WASHINGTON — U.S. government officials were unusually tightlipped about Iran's missile test Wednesday as they worked to study details of the launch.
Two officials confirmed the launch had taken place, speaking on condition of anonymity because they weren't authorized to speak on the record.
"It appears the test was a success," one official said. "It appears they launched a medium-range missile."
The U.S. officials said they were trying to determine the missile's range, trajectory and other details.
President Mahmoud Ahmadinejad said the launch was a test-firing of a new advanced missile with a range of about 1,200 miles, capable of reaching Israel and U.S. Mideast bases.
The announcement comes less than a month before Iran's presidential election and just two days after President Barack Obama declared a readiness to seek deeper international sanctions against Tehran if it did not respond positively to U.S. attempts to open negotiations on its nuclear program.
Some dozen hours after the test, numerous U.S. defense and intelligence officials declined to even acknowledge the Iranian launch had occurred. Some referred calls to the White House and State Department, a sign of how politically sensitive the development is to the Obama administration and its continuing efforts to deal with Iran's reported efforts to build nuclear weapons.
Pentagon spokesman Bryan Whitman would not confirm the launch but said the U.S. is aware of Iran's pursuit of ballistic missiles.
"Our concerns are obviously based on nuclear ambitions and the implications that long- and medium-range missiles have with respect to that," Whitman told reporters at the Pentagon on Wednesday.
He added: "Iran is at a bit of a crossroads. They have a choice to make. They can either continue on this path of continued destabilization in the region or they can decide that they want to pursue relationships with the counties in the region and the United States that are more normalized."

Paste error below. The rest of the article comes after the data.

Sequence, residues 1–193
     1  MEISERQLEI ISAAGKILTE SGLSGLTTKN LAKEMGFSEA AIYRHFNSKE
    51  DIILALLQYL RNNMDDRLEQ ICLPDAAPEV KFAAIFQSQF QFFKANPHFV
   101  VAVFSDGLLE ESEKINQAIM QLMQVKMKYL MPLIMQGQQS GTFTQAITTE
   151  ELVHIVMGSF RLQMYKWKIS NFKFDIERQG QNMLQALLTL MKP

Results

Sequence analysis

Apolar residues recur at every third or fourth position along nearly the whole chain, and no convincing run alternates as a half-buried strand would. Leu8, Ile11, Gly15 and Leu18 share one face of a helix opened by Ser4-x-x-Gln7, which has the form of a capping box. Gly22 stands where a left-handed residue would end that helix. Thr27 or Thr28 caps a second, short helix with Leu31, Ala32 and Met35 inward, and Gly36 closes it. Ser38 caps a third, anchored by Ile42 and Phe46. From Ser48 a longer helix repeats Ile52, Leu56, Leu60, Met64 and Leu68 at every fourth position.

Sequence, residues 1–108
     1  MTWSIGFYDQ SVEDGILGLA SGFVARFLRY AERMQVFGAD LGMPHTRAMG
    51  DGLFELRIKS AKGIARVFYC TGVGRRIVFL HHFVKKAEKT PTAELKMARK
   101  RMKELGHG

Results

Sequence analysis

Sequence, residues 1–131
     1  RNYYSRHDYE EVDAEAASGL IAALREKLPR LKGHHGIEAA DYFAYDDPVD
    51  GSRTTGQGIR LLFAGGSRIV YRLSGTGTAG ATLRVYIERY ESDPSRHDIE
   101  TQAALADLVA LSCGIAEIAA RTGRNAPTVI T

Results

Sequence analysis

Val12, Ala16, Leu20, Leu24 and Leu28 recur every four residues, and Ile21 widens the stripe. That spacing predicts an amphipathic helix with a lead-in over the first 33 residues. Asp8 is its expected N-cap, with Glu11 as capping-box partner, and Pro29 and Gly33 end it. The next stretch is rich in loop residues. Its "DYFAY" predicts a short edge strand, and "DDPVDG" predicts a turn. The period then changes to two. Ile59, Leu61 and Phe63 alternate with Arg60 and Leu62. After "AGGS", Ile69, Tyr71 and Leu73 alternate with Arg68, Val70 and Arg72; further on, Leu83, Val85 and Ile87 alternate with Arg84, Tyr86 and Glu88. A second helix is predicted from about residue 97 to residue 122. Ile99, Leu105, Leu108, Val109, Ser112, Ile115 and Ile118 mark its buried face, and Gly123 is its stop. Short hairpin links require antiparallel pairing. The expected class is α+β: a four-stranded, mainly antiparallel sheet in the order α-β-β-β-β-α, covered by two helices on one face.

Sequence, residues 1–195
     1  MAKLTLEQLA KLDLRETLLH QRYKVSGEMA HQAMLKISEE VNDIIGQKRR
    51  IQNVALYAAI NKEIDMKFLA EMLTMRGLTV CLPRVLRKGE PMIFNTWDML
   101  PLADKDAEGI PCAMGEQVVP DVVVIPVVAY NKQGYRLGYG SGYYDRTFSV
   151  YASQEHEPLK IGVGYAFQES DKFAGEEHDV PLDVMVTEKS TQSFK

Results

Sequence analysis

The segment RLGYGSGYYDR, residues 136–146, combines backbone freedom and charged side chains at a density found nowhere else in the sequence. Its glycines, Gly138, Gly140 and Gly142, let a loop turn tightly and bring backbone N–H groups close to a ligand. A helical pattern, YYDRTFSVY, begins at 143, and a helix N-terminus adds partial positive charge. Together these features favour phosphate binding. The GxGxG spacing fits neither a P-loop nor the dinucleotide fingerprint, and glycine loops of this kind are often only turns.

Secretary of State Hillary Rodham Clinton, appearing Wednesday before the Senate Appropriations Committee, also said nothing about the Iranian launch when Sen. Patrick Leahy (D-Vt.) raised the issue during questioning.
But Clinton did cite the issue generally, saying that a nuclear-armed Iran is "going to spark an arms race" in the Middle East.
Without commenting directly on the missile launch reports, Clinton referred Wednesday to a host of threats to the United States that she said are "daunting."
Clinton reiterated that the Obama administration opposes Iran getting a nuclear weapons capability and that it is relying for now on diplomatic pressure to stop it.
She described a nuclear capability as an "extraordinary threat." And Clinton said that the U.S. goal is "to persuade the Iranian regime that they will actually be less secure if they proceed with their nuclear weapons program."
In a breakfast meeting with reporters, Undersecretary of Defense Michele Flournoy said she could not confirm reports of a launch but spoke in general about Iran's missile program.
"There are U.N. Security Council resolutions in place that ... thwart that kind of activity," Flournoy said. "So I do think that it poses a security threat to the region and that we will have to, probably, to deal with it."
She said the administration is trying to present Iran with "a very fundamental choice between staying on the current path they are on, which I think is only going to hamper their security in the long term ... versus taking another path where if they were to reject support for terrorism and extremism, reject nuclear weapons, they could actually be on a path that would do a lot more for their ultimate security."